Von Ralf Keuper

Spä­tes­tens seit der Ver­öf­fent­li­chung des Bei­trags Why Soft­ware Is Eating the World von Marc And­rees­sen wird die Bedeu­tung der Soft­ware für nut­zer­freund­li­che Pro­duk­te und Ser­vices bei nahe­zu jeder sich bie­ten­den Gele­gen­heit her­vor­ge­ho­ben. Im Ver­gleich dazu ist die schnö­de Hard­ware bes­ten­falls Bei­werk, des­sen man sich so schnell wie mög­lich ent­le­di­gen will. Ohne Hard­ware wird es jedoch auch künf­tig nicht gehen, so Rob Stubbs in Why the World is Moving to Hard­ware-Based Secu­ri­ty.

Die Aus­gangs­la­ge:

As we move towards a cash­less socie­ty, our finan­cial tran­sac­tions incre­a­singly depend on soft­ware. More and more of our per­so­nal infor­ma­ti­on is stored in count­less data­ba­ses. Our on-line brow­sing and shop­ping are tra­cked and ana­ly­zed. Ever­ything from intel­lec­tu­al pro­per­ty to sta­te secrets are com­mu­ni­ca­ted and stored under soft­ware con­trol. Machi­ne lear­ning, AI, big data, ana­ly­tics – it all reli­es on software.

Das Pro­blem:

Howe­ver, soft­ware is, by its natu­re, vul­nerable. Its power – the abi­li­ty to con­ti­nu­al­ly adapt, tune and impro­ve it – is also its down­fall. It can be cor­rup­ted and chan­ged. Mali­cious soft­ware can be inser­ted. It is very dif­fi­cult and expen­si­ve to wri­te secu­re soft­ware, and with incre­a­sing size and com­ple­xi­ty it beco­mes essen­ti­al­ly impos­si­ble. Soft­ware deve­lo­pers are encou­ra­ged to deve­lop code quick­ly due to finan­cial and com­pe­ti­ti­ve pres­su­res, with func­tio­n­a­li­ty and con­ve­ni­en­ce pri­zed over security.

Trotz ihrer unbe­streit­ba­ren Vor­tei­le, kann die Kryp­to­gra­fie nur bedingt hel­fen, das Sicher­heits­pro­blem zu lösen. 

Perhaps the most valu­able tool we have to com­bat such thre­ats is cryp­to­gra­phy – strong algo­rith­ms that mathe­ma­ti­ci­ans assu­re us are secu­re against any known attacks. But the­se are typi­cal­ly imple­men­ted in soft­ware, so errors can be (and fre­quent­ly are) made, and if the inte­gri­ty of the sys­tem is breached, then all bets are off. Moreo­ver, cryp­to­gra­phy depends on keys. If a key is com­pro­mi­sed, then so is the data it is pro­tec­ting. All we have done is sub­sti­tu­te the key for the data – we still have to pro­tect some­thing. The only advan­ta­ge we have is that the key is smal­ler – can we find a way to keep keys safe?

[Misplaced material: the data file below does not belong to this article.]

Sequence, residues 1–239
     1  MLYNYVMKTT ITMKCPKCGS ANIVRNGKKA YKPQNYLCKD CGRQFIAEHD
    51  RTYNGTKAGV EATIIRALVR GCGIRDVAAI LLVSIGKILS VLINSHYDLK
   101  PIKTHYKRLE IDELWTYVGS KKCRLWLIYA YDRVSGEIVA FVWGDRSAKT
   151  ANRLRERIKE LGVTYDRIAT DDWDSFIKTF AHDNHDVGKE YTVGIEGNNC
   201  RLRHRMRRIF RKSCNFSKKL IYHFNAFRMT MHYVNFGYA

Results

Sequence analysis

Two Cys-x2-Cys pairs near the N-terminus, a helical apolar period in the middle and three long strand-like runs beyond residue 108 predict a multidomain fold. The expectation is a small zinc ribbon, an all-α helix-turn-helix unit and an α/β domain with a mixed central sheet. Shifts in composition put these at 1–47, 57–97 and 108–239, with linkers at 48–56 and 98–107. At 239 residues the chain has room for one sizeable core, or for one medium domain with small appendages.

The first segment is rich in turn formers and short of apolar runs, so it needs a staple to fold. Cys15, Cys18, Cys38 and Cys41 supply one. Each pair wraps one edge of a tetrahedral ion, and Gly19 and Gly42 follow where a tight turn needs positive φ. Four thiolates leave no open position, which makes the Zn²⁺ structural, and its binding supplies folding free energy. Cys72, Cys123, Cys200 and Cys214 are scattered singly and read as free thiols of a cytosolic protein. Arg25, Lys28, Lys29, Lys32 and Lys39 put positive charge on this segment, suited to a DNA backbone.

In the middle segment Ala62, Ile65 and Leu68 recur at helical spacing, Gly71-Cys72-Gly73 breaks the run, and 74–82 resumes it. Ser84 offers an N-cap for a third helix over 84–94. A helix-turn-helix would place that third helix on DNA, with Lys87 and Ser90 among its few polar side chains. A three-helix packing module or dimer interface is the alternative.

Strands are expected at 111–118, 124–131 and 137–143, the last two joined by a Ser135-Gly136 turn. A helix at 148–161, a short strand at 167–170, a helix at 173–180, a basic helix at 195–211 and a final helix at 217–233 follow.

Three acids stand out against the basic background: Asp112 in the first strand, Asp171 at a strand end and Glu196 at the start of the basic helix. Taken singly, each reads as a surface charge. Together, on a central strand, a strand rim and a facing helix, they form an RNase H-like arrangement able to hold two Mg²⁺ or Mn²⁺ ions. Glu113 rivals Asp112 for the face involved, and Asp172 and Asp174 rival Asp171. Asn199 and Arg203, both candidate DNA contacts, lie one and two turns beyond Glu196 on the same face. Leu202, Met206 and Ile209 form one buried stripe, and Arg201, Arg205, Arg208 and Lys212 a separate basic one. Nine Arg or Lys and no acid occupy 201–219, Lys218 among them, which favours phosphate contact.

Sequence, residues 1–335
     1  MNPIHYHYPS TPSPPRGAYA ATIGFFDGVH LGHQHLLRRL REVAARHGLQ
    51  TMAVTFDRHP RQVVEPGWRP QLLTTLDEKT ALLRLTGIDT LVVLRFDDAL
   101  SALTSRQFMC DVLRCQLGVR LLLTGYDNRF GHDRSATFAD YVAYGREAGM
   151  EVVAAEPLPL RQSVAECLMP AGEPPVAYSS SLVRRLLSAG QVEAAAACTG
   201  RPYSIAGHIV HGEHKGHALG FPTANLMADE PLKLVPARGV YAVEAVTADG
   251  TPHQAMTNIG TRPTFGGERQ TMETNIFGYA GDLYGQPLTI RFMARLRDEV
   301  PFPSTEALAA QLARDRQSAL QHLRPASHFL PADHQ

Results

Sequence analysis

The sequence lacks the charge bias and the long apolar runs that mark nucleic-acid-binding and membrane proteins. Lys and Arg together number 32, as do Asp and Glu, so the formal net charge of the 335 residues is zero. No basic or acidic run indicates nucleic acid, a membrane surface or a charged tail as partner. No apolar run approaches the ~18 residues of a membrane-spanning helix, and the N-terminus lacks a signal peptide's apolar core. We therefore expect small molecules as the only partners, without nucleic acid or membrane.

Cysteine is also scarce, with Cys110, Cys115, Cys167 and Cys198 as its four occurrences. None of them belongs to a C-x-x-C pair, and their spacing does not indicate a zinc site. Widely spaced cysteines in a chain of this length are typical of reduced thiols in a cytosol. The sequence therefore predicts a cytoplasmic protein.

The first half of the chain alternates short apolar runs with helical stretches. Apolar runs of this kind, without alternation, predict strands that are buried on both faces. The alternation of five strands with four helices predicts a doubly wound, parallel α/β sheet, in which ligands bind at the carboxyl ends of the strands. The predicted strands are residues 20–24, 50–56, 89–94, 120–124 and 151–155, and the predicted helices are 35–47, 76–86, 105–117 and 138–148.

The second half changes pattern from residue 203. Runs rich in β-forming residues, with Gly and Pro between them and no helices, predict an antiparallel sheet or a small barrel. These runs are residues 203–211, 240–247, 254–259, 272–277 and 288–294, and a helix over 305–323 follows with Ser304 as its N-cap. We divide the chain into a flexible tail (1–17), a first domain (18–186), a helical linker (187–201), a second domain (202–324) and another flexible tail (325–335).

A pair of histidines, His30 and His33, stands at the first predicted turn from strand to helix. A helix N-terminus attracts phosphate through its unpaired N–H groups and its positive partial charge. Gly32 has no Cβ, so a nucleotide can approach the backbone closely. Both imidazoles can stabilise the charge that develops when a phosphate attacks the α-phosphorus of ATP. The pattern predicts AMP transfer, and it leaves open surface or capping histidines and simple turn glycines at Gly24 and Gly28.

Die bis­lang sichers­ten Ver­fah­ren und Lösun­gen sind laut Stubbs u.a. Apple Secu­re Encla­ve and ARM Trust­Zo­ne. Das größ­te Pro­blem sind Data-in-use in der Cloud, so Stubbs. 

While data is in use, it sits unen­cryp­ted in sys­tem memo­ry, com­ple­te­ly unpro­tec­ted against hacking and mal­wa­re or an atta­cker with phy­si­cal access to the ser­ver. Even ser­vers in pri­va­te data cen­ters are vul­nerable, too.

Nicht ganz unei­gen­nüt­zig, aber in durch­aus legi­ti­mer Absicht, emp­fiehlt der Autor den Ein­satz von Intel Soft­ware Guard Exten­si­on (SGX).

SGX allows app­li­ca­ti­ons to exe­cu­te wit­hin secu­re encla­ves enfor­ced at the hard­ware level by the CPU its­elf. All data is encryp­ted in memo­ry and only decryp­ted while being used insi­de the CPU. This means that, even if the ope­ra­ting sys­tem, hyper­vi­sor or root user are com­pro­mi­sed, the data is still com­ple­te­ly secu­re. For the first time, data can be ful­ly pro­tec­ted across its full lifecy­cle – at rest, in moti­on and in use.

Durch den Ein­satz von SGX kann dar­über hin­aus sicher sein, dass die jewei­li­ge CPU tat­säch­lich ein­ge­setzt wird und die Appli­ka­tio­nen kor­rekt sind und nicht mani­pu­liert wur­den. Eben­so ist sicher, dass der Code kor­rekt aus­ge­führt wird und die Daten geschützt sind. 

Die Emp­feh­lung für die Bankenbranche: 

Soft­ware is sim­ply not up to the job of pro­tec­ting high­ly sen­si­ti­ve or valu­able data. Cryp­to­gra­phy hel­ps, but it needs high-qua­li­ty keys that are well pro­tec­ted. Thus, hard­ware-based secu­ri­ty is com­mon­ly employ­ed in ban­king and in par­ti­cu­lar­ly vul­nerable app­li­ca­ti­ons such as credit cards and mobi­le devices. But the big­gest pro­blem today is with cloud-based soft­ware app­li­ca­ti­ons pro­ces­sing vast amounts of sen­si­ti­ve data that is com­ple­te­ly unpro­tec­ted when in use. Hard­ware-based secu­ri­ty in the form of Intel® SGX tech­no­lo­gy can now pro­vi­de a solu­ti­on to that pro­blem, pro­mi­sing to redu­ce data breaches dra­ma­ti­cal­ly and enab­ling the cloud to final­ly live up to its true potential.

Unter­stützt wird die­se Sicht von wei­te­ren Bei­trä­gen und Publi­ka­tio­nen wie Why Hard­ware-Based Design Secu­ri­ty is Essen­ti­al for Every App­li­ca­ti­on. Sofern die Ban­ken auch digi­ta­le Ver­mö­gens­wer­te ver­wal­ten wol­len, wer­den sie sich inten­siv mit der hard­ware-basier­ten Sicher­heit beschäf­ti­gen müs­sen (Vgl. dazu: Zurück zu den Wur­zeln: Ban­ken als Sicher­heits­dienst­leis­ter für digi­ta­le Ver­mö­gens­wer­te). Bei­spiel­haft dafür ist myID­safe: Self-Sov­er­eign-Iden­ti­ty – Alli­anz aus Öster­reich und die Card Wal­let.

WP Twitter Auto Publish Powered By : XYZScripts.com